How to Become a Licensed Plumber in North Carolina


Plumbing is a progressive industry that employs 1.5 million skilled tradesmen and -women in the United States. Aside from drain cleaning and the plumbing activities itself, the plumbing trade encompasses careers in field work, management, estimating, sales and design, as well as self employment and education. Those engaging in the plumbing business in North Carolina must become licensed, except those who make minor repairs to existing plumbing and heating systems.

Step 1:

Determine whether you wish to start your plumbing career by attending a trade school or working as an apprentice with a plumber or plumbing company. Licensure requires either 4,000 hours of documented on-the-job full-time experience, or half plus 2,000 hours of academic or technical training. Submit job applications to plumbing companies or apply to plumbing training programs. Be prepared to spend 2-5 years obtaining the necessary education and experience to become a plumber in North Carolina.

Step 2:

Choose the type of plumbing license you wish to pursue. Licensure is in North Carolina is granted by the State Board of Examiners of Plumbing, Heating and Fire Sprinkler Contractors ( . North Carolina plumbers are classified as either unrestricted (Class I) or restricted (Class II). Unrestricted plumbers may cover plumbing, heating and fire sprinkler work for all structures, while restricted plumbers may only cover single-family detached residential dwellings.

Step 3:

Once you have the requisite experience and education, apply for licensure by downloading and completing the application packet at Select the exam(s) you wish to pursue. North Carolina plumbers seeking licensure may sit for examinations in plumbing and/or heating, fuel piping, and fire sprinklers. Fuel piping and fire sprinkler licensure requires additional training, education and documentation. You will be required to purchase current plumbing code books, textbooks and related study materials in preparation of your examination(s).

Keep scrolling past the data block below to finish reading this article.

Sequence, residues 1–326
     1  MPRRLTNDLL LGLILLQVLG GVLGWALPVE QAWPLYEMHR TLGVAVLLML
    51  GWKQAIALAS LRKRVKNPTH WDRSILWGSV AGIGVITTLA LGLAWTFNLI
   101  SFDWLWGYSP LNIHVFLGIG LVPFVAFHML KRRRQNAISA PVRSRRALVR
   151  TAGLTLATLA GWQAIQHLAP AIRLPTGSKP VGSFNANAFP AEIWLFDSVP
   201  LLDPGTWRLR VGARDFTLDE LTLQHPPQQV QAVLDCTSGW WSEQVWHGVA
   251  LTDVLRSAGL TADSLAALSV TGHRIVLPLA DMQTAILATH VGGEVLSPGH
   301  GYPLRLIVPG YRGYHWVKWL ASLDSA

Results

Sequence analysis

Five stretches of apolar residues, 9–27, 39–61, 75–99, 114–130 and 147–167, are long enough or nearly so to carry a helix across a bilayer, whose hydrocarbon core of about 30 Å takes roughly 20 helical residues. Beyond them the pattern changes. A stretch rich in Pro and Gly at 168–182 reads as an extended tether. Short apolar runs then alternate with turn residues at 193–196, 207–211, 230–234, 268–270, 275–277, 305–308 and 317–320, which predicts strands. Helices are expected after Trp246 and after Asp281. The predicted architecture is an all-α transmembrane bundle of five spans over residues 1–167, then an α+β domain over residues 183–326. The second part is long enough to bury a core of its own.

Step 4:

Upon application approval, schedule and pay for the plumbing examination as outlined in your acceptance letter. Depending on the license you are pursing, examination times range from 1-5 hours. Give yourself plenty of time to arrive at the testing site at least 30 minutes early. If the location is far away or heavy traffic may be an issue, consider checking into a nearby hotel the night before. Reference materials are allowed in the exam.

Step 5: Obtain examination results either by computer or mail. A grade of 70% or better is required to pass the exam. Some states grade exams immediately upon completion and issue a license or denial letter. Other states mail your license or denial letter, which can take 6-8 weeks to receive.


Your application for licensure also depends on a clean criminal and financial background investigation. Don’t lie or omit pertinent information on your application.

Pay your annual license renewal fees on time to avoid license expiration and additional reinstatement fees or requirements, and document continuing education.


Work only for licensed and reputable plumbing contractors or companies. Unlicensed work is not documentable toward licensure.

Your license can be revoked or suspended for cause, including fraud, deceit, negligence, incompetency, misconduct of failure to comply with the statutes of the state board examiners.

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